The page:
The Saskatchewan Association of Rural Municipalities kicked off their annual convention Tuesday in Saskatoon, and it continued Wednesday morning with an address from Premier Scott Moe, an address by Official Opposition leader Carla Beck, and the annual bear pit session with the delegates and the provincial cabinet.  

Norm McFadden is the Reeve of the R.M. of Weyburn and is in Saskatoon for the convention. He explained that during the address from the premier, there were a few hints dropped about what could be expected. 

“I know the budget comes out next week, but a couple of things he mentioned were municipal revenue sharing is going to be going up this year, so that’s good news on the front for all of us,” McFadden said Wednesday afternoon during a break in the activities.  

The announcement from Moe was that there will be more than $297 million set aside for the municipal revenue-sharing program. This is an increase of 13 percent from the previous fiscal year and is a new record for the overall program. The municipal revenue sharing is based on 0.75 percent of the provincial sales tax revenue collected from two years prior.  

For McFadden, they aren’t sure how they will be using that money right now, but the extra boost will be welcomed in the area.  

The second announcement involved healthcare with a boost for the program that looks to attract physicians to rural parts of Saskatchewan.  

“In the past, it was like a $47,000 incentive for doctors to practice in rural areas and stay there,” McFadden explained. “They’re upping that to $200,000 over five years, so that should help the rural areas to retain some doctors for some five-year programming.”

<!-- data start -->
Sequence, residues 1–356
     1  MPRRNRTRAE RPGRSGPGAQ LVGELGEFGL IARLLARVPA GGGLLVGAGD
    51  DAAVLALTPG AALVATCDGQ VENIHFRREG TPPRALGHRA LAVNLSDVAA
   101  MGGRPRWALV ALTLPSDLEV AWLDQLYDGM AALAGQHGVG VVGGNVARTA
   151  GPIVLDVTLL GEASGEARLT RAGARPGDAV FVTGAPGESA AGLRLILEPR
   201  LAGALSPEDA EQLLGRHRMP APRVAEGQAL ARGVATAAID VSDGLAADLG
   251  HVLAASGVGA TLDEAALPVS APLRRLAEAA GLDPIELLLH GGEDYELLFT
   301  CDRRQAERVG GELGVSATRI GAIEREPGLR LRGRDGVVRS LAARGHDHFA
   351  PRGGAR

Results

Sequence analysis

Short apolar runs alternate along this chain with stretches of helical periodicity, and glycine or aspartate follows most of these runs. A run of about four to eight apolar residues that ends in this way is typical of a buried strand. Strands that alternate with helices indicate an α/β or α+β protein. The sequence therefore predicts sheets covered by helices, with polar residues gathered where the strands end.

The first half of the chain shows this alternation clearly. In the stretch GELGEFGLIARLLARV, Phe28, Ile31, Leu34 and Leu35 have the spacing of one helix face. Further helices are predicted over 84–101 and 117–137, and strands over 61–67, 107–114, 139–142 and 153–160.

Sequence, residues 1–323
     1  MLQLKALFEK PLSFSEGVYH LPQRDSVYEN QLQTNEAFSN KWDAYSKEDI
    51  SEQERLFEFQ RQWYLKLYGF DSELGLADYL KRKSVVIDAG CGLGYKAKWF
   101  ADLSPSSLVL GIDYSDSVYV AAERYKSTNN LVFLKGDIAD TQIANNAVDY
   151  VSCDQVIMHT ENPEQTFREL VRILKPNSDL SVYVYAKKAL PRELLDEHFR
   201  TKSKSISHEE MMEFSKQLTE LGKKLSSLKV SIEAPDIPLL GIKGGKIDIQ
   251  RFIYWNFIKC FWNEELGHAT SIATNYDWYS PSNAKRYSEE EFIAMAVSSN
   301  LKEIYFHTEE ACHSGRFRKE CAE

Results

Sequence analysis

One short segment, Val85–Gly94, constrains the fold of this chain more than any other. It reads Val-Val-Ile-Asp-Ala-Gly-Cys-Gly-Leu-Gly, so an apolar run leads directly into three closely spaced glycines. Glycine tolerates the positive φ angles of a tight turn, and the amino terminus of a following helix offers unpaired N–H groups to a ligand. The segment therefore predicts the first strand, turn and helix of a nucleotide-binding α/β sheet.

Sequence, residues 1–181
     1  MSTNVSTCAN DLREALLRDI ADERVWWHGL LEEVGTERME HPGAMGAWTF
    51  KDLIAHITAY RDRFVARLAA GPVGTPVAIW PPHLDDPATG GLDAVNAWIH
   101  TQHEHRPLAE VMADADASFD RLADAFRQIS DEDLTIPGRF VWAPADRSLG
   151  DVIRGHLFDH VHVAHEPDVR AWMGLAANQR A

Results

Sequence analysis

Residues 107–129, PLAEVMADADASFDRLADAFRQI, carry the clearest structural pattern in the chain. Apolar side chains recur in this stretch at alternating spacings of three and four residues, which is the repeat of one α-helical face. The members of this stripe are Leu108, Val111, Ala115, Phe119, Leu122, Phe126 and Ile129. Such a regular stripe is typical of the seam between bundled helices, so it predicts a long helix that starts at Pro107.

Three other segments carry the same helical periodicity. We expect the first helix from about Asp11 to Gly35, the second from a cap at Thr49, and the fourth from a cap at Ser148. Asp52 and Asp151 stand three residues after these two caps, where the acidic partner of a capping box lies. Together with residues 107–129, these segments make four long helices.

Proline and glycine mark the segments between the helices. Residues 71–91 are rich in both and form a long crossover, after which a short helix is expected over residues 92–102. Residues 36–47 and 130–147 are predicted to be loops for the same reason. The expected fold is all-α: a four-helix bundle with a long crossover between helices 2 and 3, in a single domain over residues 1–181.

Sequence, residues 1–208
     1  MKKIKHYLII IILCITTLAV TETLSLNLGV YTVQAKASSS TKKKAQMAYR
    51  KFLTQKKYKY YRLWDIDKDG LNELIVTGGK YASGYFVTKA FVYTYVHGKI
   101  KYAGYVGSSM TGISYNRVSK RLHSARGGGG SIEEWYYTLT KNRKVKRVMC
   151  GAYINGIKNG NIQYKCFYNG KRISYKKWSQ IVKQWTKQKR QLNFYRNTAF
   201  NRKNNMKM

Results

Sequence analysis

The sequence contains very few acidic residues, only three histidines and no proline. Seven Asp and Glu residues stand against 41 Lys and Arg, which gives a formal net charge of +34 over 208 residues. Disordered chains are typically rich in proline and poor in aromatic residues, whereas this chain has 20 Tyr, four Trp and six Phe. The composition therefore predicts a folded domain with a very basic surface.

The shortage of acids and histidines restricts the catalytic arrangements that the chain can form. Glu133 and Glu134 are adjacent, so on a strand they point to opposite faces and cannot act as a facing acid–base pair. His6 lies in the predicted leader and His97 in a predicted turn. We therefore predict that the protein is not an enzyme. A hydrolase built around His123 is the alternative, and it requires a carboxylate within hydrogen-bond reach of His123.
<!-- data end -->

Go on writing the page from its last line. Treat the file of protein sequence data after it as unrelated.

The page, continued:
During the bear pit session, there was one issue brought up that was something based on a resolution introduced in the past by the RM of Weyburn – deer, elk, antelope and moose. There had been calls for the province to increase the number of tags in recent years, and it appears there could be some action taken on that front.  

“It sounds like they’re going to go ahead with depredation tags for whitetail and elk that are becoming an issue throughout the province,” McFadden added. Depredation tags allow for certain birds and animals to be shot on a person’s property to protect crops, livestock or domestic animals.  

The convention continued throughout Wednesday afternoon with the delegates reviewing and discussing proposed resolutions. Some of those include calling for the cancellation of the midterm convention, the responsibility and monitoring of noxious weeds on crown land and reviewing the fees for drilling oil wells and gas wells.  

The meeting will wrap up Thursday morning with acceptance addresses from the SARM president and vice president, as well as the presentation of the organization’s financial report.